• It’s always powerful to start your narration with a paragraph that opens the experience and relate the importance. This style of writing confirms that the readers will appreciate the importance of the experience as they advance through the narrative.
  • Another impressive style is to start the essay by jumping straight to the narrative and then concluding the essay with a paragraph relating the importance of the experience. This technique allows readers to grow their own perception of the experience through the body of the essay which in turn connects to your experience of the significance more intensely at the end.
  • One more technique can be considered i.e. opening the experience in the first paragraph, but delaying the explanation of the significance of the experience until the end of the essay. This style enhances the emotions of the readers.

 

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How to revise a Narrative essay

  • After writing the body of your narrative essay, read carefully the whole essay and think whether the writing efficiently recreates the involvement for your readers.
  • Ask your friends to read the complete essay and give their reactions.
  • Try to analyze where more detailing and explanation is needed.
  • Get rid of any unwanted fact that seems to divert from the main story of the essay.
  • Before submitting, judge once again whether you’ve bestowed information in the most impressive way.

 

Here are a few examples of Narrative essays:

  • Playground memory
  • Christmas cookies
  • Lost wallet
  • Victim of robbery
  • My interests
  • My laptop
  • My foolish faith
  • Most memorable Christmas
  • Not so important exam
  • The fatal car accident

 

 

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Process Essay



Process essay are those types of essay in which the writer tells how to do something or explains how something is done. It gives a step-by-step description of a process that gradually progress to a surprising and projected results. The process can be either actual or conceptual. The name of a process essay needs to be enough information so that the reader can easily guess what kind of process will be discussed in it. Thus the main aim of such writing is to explain one particular process in such a way that will leave no questions in the reader’s mind.

There are two types of process essays

  1. Directional process essays

    This type of essays gives instructions for how to do a specific task. It often gives an account of equipments or supplies and contains time-order words like first, second, next, etc.

  2. Informational process essays

    This type of essays describes or inspects a process. It needs innovative writing.

The best thing about this type of essays is that it can be very helpful. When the reader finishes reading the essay, he will come to know how to do something which he was not aware before reading the essay.          

Features of a process essay

  • The approach of writing totally depends on the readers for whom it is being written.
  • It is generally written chronologically.
  • Each level is explained in different paragraphs.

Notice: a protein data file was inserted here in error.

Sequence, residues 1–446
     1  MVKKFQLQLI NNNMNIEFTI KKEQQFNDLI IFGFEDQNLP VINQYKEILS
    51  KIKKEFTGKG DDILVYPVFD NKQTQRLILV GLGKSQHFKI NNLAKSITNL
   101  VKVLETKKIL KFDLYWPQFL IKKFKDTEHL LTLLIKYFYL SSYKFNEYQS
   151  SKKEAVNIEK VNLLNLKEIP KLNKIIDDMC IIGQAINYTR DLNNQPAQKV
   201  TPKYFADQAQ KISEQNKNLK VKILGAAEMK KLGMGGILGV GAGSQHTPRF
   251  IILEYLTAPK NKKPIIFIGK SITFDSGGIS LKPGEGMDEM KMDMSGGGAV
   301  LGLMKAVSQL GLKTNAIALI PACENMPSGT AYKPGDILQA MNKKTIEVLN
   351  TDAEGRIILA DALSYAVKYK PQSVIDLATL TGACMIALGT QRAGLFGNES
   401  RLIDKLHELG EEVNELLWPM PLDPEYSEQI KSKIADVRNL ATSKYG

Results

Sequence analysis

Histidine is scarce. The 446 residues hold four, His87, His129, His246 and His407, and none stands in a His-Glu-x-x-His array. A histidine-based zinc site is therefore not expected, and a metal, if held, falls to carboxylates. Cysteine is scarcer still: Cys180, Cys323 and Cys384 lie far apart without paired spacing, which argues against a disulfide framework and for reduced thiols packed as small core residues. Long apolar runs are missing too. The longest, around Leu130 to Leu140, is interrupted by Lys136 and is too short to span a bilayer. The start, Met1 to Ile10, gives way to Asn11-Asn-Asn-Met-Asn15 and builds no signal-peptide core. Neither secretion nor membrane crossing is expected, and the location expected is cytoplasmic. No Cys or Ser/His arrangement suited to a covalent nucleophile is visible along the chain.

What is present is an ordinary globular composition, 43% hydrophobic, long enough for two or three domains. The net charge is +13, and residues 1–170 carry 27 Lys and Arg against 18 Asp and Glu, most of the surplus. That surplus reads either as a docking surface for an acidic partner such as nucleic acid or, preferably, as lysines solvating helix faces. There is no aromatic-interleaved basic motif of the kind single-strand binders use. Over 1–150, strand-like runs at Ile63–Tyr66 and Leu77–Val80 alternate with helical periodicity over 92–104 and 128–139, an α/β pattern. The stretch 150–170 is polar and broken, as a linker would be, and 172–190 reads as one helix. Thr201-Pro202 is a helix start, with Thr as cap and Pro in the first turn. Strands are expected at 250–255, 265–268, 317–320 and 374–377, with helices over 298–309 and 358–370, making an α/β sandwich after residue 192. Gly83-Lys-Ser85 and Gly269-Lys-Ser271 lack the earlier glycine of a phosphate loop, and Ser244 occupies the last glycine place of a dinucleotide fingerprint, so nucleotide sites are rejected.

• The explanation of each level should be clear and accurate.
  • Transitional words or phrases should be used to maintain continuity between two paragraphs or levels.
  • Do not number the levels.
  • Imperative sentences should be avoided or else the essay will end up with an educational manual and not an essay.

How to plan a Process Essay

  • Divide a sheet of paper by drawing a line from the middle and making two columns. Name the first column as ‘materials’ and the other as ‘steps’.
  • Think and write down every item and steps in the columns without worrying about the order.
  • After noting down all points, start numbering the steps.
  • Finally, write an outline of the process essay.

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How to revise a Process Essay

  • While revising your process writing, think about the readers who will be reading your essay.
  • Ask yourself whether you have chosen an appropriate introduction. Do not presume that your readers already have knowledge about the topic.
  • Ask yourself whether you have provided enough explanations.

How to write a Process Essay

  • Introduction

Tell what the process is and why it is essential. Here the writer should disclose the main goal of the process without giving any details. He has to explain the actual meaning of the process and its usage in day to day life. Basic history can be given. By reading the introduction, the reader can learn in which aspect he can implement this knowledge.

  • Body

Discuss in details the main idea of the essay. The number of paragraphs in the body depends on the number of levels or stages of the process. Each level should explain a definite goal and also should have all the essential details. The levels should be presented in a valid order.

  • Conclusion

The concluding paragraph is generally short. It declares the result of the process. The reader gets an idea of what they can do next time if they face the same problem mentioned in the introduction. In conclusion, the writer can warn the reader about the hazards involved if the levels are not followed in the order and also can propose advices of how to overcome those problems.

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Many academic writings have some parts which are descriptive or narrative, and other parts which are persuasive or critical.

 

Transitions